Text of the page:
But 7 different medications are ok?

He called his daughter and said “I’m not supposed to take CoQ10 anymore.”

“Why?” his daughter, my assistant S.D., asked.

He said, “My doctors told me.”

S.D.’s father had just had triple bypass surgery and was now taking 7 different medications, including a statin drug.

Isn’t that ironic … here’s a nutrient that your body already makes… it’s impossible to be allergic to because it’s already in your body… you don’t get enough of it because we don’t eat the principal source – organ meat – anymore … and there’s never been a single case of CoQ10 ever hurting anyone.

But they say, “Don’t take it.” Yet they’re fine with him taking seven prescriptions.

Now let’s look at the record of the drugs.

The Adverse Event Reporting System (AERS), where people can report the effects of medications to the FDA, shows that just for 2010, there were 471,291 “adverse” events caused by prescription drugs.1

AERS chart

A chart of patient outcomes after reporting to AERS. Adverse events, according to the FDA, include death, hospitalization, life-threatening events, disability, and congenital anomalies, among other things.

What’s worse is that 82,724 people died from taking medications in 2010. And the number of deaths and adverse outcomes has increased every year since the FDA started the report system.

The popularity of heart medications comes back to some basic principles. Cardiologists and doctors like these drugs because it means they have a tool in their hands that seemingly cuts the risk of heart disease. All they have to do is write the prescription.

Drug companies like them because they’ve built their company on the revenues from them.

The public likes them because they can now go to the doctor and get a pill that seems to prevent one of their biggest fears – heart disease.

Problem is, it’s not true. You don’t get heart disease because of a deficiency of heart drugs.

But people who have heart disease are likely to be deficient in CoQ10.

That’s because more than any other muscle or organ, your heart relies on CoQ10 for energy. CoQ10 is 200 times more concentrated in heart muscle than in skeletal muscle.

There have been over 100 studies at major universities and hospitals linking CoQ10 deficiency with heart disease. One famous study by pioneering CoQ10 researcher Karl Folkers proved how much energy CoQ10 gives your heart.

He and his colleagues looked at two groups of people having heart surgery. These were people with already diseased and failed hearts. One group was pre-treated with CoQ10 before surgery, and the other got a placebo.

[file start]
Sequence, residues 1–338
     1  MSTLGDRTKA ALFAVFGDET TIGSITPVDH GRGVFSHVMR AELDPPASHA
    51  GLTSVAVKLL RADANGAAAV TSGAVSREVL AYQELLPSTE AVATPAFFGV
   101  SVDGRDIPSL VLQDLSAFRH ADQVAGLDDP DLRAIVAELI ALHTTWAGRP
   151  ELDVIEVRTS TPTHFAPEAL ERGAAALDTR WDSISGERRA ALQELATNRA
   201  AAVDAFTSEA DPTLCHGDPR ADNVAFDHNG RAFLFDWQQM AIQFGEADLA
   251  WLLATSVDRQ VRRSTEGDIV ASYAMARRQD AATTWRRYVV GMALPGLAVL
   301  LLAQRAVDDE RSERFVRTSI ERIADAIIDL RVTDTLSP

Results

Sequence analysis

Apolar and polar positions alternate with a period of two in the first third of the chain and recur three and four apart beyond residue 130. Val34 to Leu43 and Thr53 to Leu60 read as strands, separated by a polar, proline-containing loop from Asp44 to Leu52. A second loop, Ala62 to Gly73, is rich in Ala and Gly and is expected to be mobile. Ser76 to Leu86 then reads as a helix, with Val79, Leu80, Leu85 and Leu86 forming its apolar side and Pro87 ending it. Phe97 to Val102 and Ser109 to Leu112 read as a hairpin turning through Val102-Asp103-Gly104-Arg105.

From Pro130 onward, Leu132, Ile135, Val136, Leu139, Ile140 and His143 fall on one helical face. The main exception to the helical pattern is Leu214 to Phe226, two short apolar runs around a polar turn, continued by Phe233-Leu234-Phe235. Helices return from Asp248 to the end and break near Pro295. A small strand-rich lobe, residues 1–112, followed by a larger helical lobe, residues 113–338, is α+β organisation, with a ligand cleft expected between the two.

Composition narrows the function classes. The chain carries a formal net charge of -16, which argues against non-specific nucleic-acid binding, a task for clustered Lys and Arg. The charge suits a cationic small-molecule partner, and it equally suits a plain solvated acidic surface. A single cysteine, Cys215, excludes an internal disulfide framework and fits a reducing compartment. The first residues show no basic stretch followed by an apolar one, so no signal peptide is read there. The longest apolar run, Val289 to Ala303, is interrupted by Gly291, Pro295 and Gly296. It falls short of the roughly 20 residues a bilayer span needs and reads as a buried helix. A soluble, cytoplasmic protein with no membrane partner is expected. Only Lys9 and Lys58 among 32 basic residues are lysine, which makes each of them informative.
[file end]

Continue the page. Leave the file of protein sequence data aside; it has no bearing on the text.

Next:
The study found that the people treated with CoQ10 had significantly stronger heartbeats and pumped blood more powerfully. Not only that, but recovery time for the CoQ10 people was short, with no complications. The placebo group took six times as long to recover and had complications.2

It’s almost a willful ignorance for a doctor almost 20 years later not to know why CoQ10 is so important – and that it’s even more so if you’re on heart medications.

In my experience, CoQ10 has worked better than any heart medication I have ever used. Many cases of congestive heart failure appear to be completely resolved after CoQ10.

Many cases of high blood pressure share a similar mechanism. About half of patients coming to me treated with high blood pressure medications have stopped that medication with nothing more than adding CoQ10.

And one of the reasons heart disease and high blood pressure are so common in America is because we are universally deficient in CoQ10.

Very simply, I recommend everyone take the ubiquinol form of CoQ10. Ubiquinol is the form that already has the electrons your body uses for energy. And it’s eight times more powerful than the old form, ubiquinone.

I suggest you get a minimum of 50 mg of ubiquinol CoQ10 every day. If you have high blood pressure, heart disease, high cholesterol, gingivitis, age-related memory loss, chronic fatigue or are a vegetarian, increase your dose to 100 mg of ubiquinol per day.

1. "AERS Patient Outcomes by Year." Adverse Event Reporting System. www.FDA.gov. Accessed March 5, 2013.
2. Judy, W.V., Stogsdill, W.W., Folkers, K., “Myocardial preservation by therapy with coenzyme Q10 during heart surgery,” Clin. Investig. 1993;71(8 Suppl):S155-61